only because my answer was specific to the op. It was not meant to be any sort of, “written in stone guide,” to what is a complex process. I oversimplified, and did so on purpose because how the question was asked. You bring up some great points. I was just trying to stay here:

Masikus, kazakore is right… I gave a very simplified approach, and its not one that will work for all situations. For example, “Compressor vs Bus Compressor.” I answered with Renoise Compressor, because you did not specify a tool in your arsenal, and at the time it seemed more logical to me to take that approach.

kazakore also mentions the Maximiser… Definitely something you should look into.


Both Compressor and Bus Compressor are Renoise native DSPs. You actually mention Knee at one point, which I believe only features in the Bus Compressor unit. Other than that there are a few obvious differences in the ranges for the parameters but as to the actual operation or sound of them I’m not too sure.

All great information, guys and I do appreciate it. I’m still pulling out my beard hairs (no hairs left to pull on my head) but I really do wish there was a video tutorial for us mastering noobs. I’m more of a visual person. But all great information and again, I do appreciate the help.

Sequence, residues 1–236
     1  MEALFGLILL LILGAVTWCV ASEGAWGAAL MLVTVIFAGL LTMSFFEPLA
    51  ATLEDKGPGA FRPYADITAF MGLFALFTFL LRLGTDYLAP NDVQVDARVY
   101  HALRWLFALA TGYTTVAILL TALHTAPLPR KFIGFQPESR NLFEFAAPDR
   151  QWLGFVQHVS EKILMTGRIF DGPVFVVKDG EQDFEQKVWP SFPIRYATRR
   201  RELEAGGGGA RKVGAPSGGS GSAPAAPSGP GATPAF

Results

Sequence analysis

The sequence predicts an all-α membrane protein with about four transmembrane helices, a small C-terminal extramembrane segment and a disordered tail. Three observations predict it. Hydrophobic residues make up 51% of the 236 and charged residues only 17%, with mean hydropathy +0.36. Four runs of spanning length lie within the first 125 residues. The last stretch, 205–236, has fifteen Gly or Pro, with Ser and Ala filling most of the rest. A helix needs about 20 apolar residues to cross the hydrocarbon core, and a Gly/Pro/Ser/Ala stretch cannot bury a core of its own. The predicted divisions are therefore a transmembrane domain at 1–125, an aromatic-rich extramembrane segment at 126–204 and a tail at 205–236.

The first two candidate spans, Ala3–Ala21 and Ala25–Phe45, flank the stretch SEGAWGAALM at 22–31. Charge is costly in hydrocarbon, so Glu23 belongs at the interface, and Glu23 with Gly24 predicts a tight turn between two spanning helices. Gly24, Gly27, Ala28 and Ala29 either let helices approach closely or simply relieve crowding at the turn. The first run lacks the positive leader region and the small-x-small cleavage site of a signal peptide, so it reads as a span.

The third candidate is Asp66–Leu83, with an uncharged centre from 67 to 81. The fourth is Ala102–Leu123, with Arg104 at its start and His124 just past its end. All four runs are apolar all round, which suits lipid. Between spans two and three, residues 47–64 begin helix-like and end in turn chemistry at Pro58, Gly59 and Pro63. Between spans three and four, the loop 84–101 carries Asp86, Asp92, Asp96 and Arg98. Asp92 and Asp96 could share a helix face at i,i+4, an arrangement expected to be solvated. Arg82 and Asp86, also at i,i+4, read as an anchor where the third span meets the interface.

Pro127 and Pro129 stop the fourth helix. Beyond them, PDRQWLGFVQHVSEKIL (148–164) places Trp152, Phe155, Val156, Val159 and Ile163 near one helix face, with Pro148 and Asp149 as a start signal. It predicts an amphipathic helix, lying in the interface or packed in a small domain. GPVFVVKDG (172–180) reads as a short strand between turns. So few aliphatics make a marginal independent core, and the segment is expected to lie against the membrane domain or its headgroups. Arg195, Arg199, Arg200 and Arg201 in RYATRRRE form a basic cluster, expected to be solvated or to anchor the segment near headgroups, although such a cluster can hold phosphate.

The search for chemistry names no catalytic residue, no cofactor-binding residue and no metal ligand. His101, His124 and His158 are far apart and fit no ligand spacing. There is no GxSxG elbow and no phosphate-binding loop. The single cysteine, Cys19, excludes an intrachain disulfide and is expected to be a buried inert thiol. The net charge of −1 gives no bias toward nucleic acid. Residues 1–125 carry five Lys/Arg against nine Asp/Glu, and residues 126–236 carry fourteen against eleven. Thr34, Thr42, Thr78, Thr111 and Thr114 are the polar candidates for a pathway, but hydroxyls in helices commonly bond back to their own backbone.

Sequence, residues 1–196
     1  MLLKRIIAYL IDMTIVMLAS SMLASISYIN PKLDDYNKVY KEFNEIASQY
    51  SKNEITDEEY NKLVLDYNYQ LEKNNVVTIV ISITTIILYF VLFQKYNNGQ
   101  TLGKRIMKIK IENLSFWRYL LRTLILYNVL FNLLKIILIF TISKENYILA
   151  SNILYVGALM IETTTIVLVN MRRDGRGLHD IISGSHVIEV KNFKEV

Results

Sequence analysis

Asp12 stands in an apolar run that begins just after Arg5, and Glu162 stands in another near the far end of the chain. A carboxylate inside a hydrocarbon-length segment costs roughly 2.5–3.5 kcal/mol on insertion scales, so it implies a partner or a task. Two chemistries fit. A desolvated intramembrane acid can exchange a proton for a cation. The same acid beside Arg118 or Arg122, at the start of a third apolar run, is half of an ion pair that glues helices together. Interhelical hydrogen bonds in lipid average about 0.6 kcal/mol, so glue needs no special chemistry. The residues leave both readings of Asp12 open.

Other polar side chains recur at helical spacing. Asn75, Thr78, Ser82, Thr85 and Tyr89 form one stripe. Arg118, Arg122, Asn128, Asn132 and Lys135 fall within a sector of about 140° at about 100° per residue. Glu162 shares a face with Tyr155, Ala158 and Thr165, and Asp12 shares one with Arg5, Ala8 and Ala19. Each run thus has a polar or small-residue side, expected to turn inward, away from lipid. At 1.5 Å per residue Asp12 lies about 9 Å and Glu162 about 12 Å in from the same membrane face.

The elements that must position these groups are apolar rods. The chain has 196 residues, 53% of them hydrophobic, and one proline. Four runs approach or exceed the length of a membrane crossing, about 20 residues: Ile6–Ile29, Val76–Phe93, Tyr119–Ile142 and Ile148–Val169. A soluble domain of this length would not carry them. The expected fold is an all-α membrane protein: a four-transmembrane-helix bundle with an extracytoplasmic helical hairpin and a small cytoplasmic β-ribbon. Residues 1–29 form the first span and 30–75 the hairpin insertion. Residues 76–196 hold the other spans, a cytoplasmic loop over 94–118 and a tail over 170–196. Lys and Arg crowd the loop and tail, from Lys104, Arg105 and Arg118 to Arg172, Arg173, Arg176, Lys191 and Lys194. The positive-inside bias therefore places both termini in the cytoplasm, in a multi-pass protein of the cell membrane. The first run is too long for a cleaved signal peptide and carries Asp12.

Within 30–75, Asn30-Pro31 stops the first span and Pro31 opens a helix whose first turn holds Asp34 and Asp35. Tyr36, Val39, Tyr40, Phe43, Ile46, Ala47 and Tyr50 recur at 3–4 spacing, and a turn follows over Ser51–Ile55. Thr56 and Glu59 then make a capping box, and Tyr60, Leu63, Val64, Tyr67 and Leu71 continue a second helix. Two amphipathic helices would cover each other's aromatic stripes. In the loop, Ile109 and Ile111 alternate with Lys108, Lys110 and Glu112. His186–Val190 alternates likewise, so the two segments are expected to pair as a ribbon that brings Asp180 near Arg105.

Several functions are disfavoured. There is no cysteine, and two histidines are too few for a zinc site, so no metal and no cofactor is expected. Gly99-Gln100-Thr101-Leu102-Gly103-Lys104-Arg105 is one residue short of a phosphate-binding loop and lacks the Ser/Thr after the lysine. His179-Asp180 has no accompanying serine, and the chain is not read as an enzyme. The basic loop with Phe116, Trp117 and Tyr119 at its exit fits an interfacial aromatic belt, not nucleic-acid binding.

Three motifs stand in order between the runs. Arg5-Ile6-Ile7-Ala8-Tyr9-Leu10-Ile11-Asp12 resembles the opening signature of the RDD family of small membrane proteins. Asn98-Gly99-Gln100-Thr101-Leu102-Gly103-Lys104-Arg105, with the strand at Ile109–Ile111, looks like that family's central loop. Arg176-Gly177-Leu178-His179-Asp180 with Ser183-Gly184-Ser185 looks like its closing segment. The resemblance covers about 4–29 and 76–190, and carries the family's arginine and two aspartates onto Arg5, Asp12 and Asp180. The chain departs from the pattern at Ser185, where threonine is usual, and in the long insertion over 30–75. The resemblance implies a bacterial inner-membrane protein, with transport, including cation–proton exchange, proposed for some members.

I’ve been floating around the forums just taking in information and this seems like a great forum full of very helpful and knowledgable people. You guys proved me right. :)

I mention knee!! That is true. That is totally my mistake, as there is no knee on the regular compressor. I think this mistake is because I am not using these compressors. But I tried to answer with tools, I knew Masikus had access too.

As for what is best, and what would sound best, I really have no idea. I believe what I have been mastering with, “PSPMixpressor,” is a special collage of many compressor types. This is my most used compressor and can do the job of track, bus, maximize, limit, de’sss, sidechain…

Too bad it’s not possible on the MASTER track!?

Not the OP but I just wanted to say that this is an exceptionally useful thread. 2 daze j, you give a hell of a lot of good advice for simple mastering - made me a little more confident about mastering myself now too :P I’ve got a decent range of plugins so I’m going to stop chickening out when it comes to seriously tackling mastering and stick to a lot of the advice given by people in this thread. Cheers guys!

Just create a send track and send all of the tracks to it. The send that track out to the individual band sends.

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Using MixDown Track tool ;D

Mastering is usually pretty basic stuff with electronic music, usually just a bit of eq/reverb and limiter on the master channel. The most important thing imho is to get your mix right before even mastering.

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In the end, what’s important to know is that you can’t master well a song if you didin’t mixed it well at first.
When you mix a song just try to mix eveything in a mono mode at first, so that you can control perfectly your levels, and avoid some surprises.
And globally you should mix it so that the average volume that goes in the Final Master Track do not exceed -12dB (I speak about the average volume).
Why ? Because the *Maximizer doesn’t work well when it has to deal with too high incoming sounds.